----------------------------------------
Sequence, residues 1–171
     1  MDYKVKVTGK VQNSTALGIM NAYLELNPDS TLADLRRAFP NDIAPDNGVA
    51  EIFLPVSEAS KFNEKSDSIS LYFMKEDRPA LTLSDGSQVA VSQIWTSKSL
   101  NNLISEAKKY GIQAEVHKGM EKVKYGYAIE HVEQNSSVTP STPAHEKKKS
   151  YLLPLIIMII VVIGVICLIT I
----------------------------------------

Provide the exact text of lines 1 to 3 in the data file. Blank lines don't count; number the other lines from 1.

Sequence, residues 1–171
     1  MDYKVKVTGK VQNSTALGIM NAYLELNPDS TLADLRRAFP NDIAPDNGVA
    51  EIFLPVSEAS KFNEKSDSIS LYFMKEDRPA LTLSDGSQVA VSQIWTSKSL